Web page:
Big Changes In Hawaiian Airlines’ Flight Schedule + Free COVID Tests

Unadvertised Hawaiian Airlines Deals We are getting the feeling that Hawaiian Airlines[1] may be having second thoughts about just how well the state is going to reintroduce tourism when it begins reopening without mandatory quarantine starting October 15. The dates on which Hawaiian is bringing back flights keep getting pushed out further, as they begin to more accurately assess demand.

Even more interesting perhaps, is that we are awaiting news on what the mayors and the governor have in mind regarding interisland travel. If the quarantine is not lifted in some way for those flights (with testing), it will essentially preclude travel to those neighbor islands. Mayors have expressed a desire to have on-island testing for interisland travel, but word is that the capacity does not exist for that to happen. Please stand by as we await confirmed updates on this important development. 

Hawaiian plans to restart flights between Honolulu and Las Vegas starting October 1 (that is not a typo), and between Honolulu and Oakland, Phoenix and San Jose airports effective November 1, rather than as previously indicated would take place on October 15.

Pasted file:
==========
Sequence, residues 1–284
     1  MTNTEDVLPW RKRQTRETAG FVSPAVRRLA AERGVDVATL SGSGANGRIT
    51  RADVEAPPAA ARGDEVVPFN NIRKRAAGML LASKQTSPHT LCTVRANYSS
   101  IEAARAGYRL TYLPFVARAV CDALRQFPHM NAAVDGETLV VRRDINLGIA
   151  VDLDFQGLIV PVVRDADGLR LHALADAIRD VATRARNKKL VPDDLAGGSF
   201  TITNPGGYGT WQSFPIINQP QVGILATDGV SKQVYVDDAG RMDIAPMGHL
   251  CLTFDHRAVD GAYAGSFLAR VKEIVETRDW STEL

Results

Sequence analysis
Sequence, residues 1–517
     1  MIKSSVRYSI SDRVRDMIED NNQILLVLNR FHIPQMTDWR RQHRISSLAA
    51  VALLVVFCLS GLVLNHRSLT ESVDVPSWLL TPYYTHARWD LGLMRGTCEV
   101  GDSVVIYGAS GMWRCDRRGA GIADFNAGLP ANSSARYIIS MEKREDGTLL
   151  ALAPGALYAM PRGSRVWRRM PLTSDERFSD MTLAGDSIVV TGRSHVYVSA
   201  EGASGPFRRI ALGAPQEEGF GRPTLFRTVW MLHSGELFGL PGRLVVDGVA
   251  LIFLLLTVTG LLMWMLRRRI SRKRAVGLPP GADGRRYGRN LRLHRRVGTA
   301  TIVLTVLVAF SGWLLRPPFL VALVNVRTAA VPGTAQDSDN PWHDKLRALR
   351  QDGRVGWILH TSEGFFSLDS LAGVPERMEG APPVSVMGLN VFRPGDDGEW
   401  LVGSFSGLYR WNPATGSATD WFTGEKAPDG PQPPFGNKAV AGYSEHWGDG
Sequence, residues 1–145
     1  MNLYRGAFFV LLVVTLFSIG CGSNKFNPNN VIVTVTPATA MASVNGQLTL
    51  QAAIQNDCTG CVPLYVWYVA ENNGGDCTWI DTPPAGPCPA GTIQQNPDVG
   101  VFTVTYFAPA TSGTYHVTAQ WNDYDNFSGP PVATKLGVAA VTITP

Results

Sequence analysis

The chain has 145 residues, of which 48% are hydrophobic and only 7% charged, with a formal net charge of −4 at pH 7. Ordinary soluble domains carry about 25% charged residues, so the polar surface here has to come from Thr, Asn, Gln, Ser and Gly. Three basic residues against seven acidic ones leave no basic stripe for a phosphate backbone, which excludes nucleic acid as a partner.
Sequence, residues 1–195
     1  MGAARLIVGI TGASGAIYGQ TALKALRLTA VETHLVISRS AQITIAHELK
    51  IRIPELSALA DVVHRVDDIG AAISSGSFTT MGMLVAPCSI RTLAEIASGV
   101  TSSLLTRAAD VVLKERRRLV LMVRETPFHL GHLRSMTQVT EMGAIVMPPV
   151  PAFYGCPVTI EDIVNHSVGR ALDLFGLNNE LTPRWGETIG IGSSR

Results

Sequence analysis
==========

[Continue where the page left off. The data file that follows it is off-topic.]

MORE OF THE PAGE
Mainland flights to neighbor island flights are being pruned too.

Note that there are no mainland flights currently set to be on schedule either to Kauai or Kona for both October and November. In addition, flights to and from Long Beach, New York and Boston remain suspended. This is reflects a change in prior plans.

By November 18, Hawaiian plans to fly once again to 10 West Coast cities. Those flights will include Los Angeles to Maui, Oakland to Maui, Portland to Maui, Seattle to Maui, San Jose to Maui and Sacramento to Maui. At the same time (mid-November), Hawaiian will increase flights on existing services between Honolulu and Los Angeles, Portland, Sacramento, San Diego, San Francisco and Seattle.

We’re encouraged by the positive response to the state’s decision to welcome travelers back to Hawai‘i, and we are resuming service to key markets to give our guests more options to visit our islands. While our onboard experience may look a little different these days, we’re excited to share our signature Hawaiian hospitality with our guests and encourage everyone to travel pono (responsibly) to keep each other and our communities safe.” — Brent Overbeek, senior vice president of revenue management and network planning at Hawaiian Airlines.

1 2 3

Share